- Associated Press - Wednesday, September 30, 2015

TULSA, Okla. (AP) - A grand jury indicted an Oklahoma sheriff on Wednesday as part of an investigation into his office that began after an unarmed man was fatally shot by a volunteer deputy who said he mistook his handgun for a stun gun.

Tulsa Sheriff Stanley Glanz, who was indicted on two misdemeanor charges, is accused of refusing to perform his official duties for not promptly releasing documents in an internal investigation related to reserve deputy Robert Bates, Glanz’s longtime friend. Bates’ training and the reserve deputy program came into question after Bates, a former insurance executive, fatally shot a restrained man in April.

Glanz, who plans to resign before a Nov. 10 hearing in the case, said he had always tried to be transparent and make good decisions during his 27 years as sheriff. He said he told grand jurors he would resign if they concluded that was best, which they did in a report released during a court hearing Wednesday.

“I know that my decisions have caused some to criticize me both publicly and privately,” he said in a two-page statement released late Wednesday. “As sheriff, I take responsibility for all decisions made by me or in my name, but I assure you they were all made in good faith. I truly regret that any of my actions have led to the impaneling of this grand jury, and the disruptions in the lives of the jurors and the witnesses.”

Glanz plans to plead not guilty, his attorney said. Glanz didn’t attend the hearing.

“Sheriff Glanz respects the process,” attorney Scott Wood said outside the courtroom. “He respects the people.”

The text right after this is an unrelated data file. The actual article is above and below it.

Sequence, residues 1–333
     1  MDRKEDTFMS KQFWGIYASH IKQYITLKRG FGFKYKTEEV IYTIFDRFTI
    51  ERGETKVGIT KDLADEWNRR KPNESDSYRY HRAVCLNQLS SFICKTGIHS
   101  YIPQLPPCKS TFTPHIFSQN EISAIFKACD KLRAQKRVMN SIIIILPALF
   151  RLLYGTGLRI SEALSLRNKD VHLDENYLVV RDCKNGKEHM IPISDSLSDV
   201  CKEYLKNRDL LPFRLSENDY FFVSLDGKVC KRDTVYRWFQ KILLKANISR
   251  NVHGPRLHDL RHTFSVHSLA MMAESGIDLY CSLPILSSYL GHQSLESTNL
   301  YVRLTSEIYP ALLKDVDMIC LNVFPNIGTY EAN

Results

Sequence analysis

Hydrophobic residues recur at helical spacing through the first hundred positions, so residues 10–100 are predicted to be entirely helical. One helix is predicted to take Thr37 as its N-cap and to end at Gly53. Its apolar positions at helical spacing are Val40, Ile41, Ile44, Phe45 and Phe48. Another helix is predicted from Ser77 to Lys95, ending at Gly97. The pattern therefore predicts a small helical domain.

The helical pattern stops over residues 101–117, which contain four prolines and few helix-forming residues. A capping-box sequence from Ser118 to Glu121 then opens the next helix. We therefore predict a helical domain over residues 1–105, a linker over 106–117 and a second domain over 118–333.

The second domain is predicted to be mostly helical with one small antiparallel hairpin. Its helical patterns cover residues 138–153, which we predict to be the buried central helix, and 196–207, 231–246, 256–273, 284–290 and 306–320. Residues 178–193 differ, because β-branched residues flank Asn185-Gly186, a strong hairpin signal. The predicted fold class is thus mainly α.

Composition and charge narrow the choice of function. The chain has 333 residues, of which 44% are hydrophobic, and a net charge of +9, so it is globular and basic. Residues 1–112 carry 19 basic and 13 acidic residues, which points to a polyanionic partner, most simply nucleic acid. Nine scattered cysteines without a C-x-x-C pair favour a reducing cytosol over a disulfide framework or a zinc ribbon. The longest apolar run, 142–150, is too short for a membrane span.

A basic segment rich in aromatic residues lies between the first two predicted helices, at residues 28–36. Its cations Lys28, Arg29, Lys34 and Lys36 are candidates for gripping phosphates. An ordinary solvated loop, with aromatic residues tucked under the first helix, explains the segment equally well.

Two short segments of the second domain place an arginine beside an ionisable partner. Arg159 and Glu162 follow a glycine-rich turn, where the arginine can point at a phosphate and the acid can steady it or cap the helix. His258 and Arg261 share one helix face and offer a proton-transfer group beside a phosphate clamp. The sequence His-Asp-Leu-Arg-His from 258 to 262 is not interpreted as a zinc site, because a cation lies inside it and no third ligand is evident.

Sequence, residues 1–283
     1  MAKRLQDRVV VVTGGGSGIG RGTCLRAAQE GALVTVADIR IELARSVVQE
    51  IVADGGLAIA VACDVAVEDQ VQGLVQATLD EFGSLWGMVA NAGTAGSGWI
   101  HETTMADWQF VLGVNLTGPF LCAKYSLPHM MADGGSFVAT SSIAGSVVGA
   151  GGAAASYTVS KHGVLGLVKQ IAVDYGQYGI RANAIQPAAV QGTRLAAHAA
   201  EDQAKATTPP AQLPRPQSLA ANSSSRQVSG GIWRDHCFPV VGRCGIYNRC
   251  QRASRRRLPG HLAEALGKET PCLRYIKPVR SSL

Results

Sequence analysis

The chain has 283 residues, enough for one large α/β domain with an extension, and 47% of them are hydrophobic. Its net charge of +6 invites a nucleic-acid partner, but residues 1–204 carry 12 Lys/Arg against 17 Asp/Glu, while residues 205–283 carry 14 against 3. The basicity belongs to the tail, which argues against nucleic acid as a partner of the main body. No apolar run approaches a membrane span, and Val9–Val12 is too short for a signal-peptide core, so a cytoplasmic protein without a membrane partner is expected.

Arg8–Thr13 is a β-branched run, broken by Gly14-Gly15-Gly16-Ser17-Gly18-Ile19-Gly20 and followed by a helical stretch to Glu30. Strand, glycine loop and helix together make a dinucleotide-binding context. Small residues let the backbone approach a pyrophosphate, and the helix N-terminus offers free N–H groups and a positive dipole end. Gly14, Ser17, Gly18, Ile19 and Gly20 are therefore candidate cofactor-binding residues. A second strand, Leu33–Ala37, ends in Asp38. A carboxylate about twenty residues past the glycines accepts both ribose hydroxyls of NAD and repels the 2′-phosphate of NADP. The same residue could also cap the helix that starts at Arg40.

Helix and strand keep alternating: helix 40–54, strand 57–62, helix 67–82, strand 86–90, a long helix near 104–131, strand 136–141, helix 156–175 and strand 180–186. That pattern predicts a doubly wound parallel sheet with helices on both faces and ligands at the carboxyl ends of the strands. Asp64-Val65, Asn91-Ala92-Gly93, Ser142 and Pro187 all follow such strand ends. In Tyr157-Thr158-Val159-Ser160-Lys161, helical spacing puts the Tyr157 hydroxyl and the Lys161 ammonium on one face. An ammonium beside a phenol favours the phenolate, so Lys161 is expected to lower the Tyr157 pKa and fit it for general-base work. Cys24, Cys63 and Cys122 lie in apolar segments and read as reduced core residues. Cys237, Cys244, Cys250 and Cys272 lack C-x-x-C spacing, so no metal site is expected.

The grand jury was called after thousands of people signed a petition calling for an investigation into Glanz’s office following the death of Eric Harris. Bates is accused of shooting Harris, who was caught up in an alleged illegal gun-sales sting, while Harris was restrained by a sheriff’s deputy. Bates - who has pleaded not guilty to second-degree manslaughter in the case - has since left the agency.

Bates had donated thousands of dollars in cash, cars and equipment to the sheriff’s office. His close ties to Glanz and the agency raised questions about the reserve deputy program and whether Bates and others received special treatment in return for the gifts.

Harris’ brother, Andre Harris, declined to comment after the court hearing Wednesday.

Local civil rights organizer Marq Lewis said the indictment marked a win for residents.

“We got justice today,” said Lewis, who leads We the People Oklahoma, the group that organized the grand-jury petition drive. “This is a statement to never bet against the citizens, the people of Tulsa County. We are citizens who count, we matter and we make a difference.”

Wednesday’s court hearing was called just hours after grand jurors said they had completed their investigation. Grand jurors met behind closed doors for nine weeks and interviewed more than 30 witnesses, including Glanz.

The documents were given to District Judge Rebecca Nightingale earlier in the day in five sealed envelopes. Some documents remain under seal.

The grand jury also made eight recommendations, including that the sheriff’s office improve its training and documentation, including better accountability of field training hours. It also suggested that the office’s internal affairs department be more autonomous.

The recommendations appeared to address a leaked 2009 memo that alleged top sheriff’s office officials knew Bates was inadequately trained but pressured other officers to look away.

Among the witnesses who testified before the grand jury was a corporal in the internal affairs division, Warren Crittenden, who said he was pressured to sign off on memos saying Bates was qualified for duty.

Crittenden told investigators in the 2009 memo that he feared he’d be transferred if he didn’t OK paperwork stating that Bates had completed his training at 328 hours, which violated policy requiring 480 hours of training, according to the report.

The grand jury also heard from sheriff’s corporal Bill Adams, who called the memo “very accurate,” and said that Glanz could have done more to address its findings.

Both Crittenden and Adams also have left the agency.


This story has been updated to correct the spelling of the sheriff’s first name to Stanley, not Staley.

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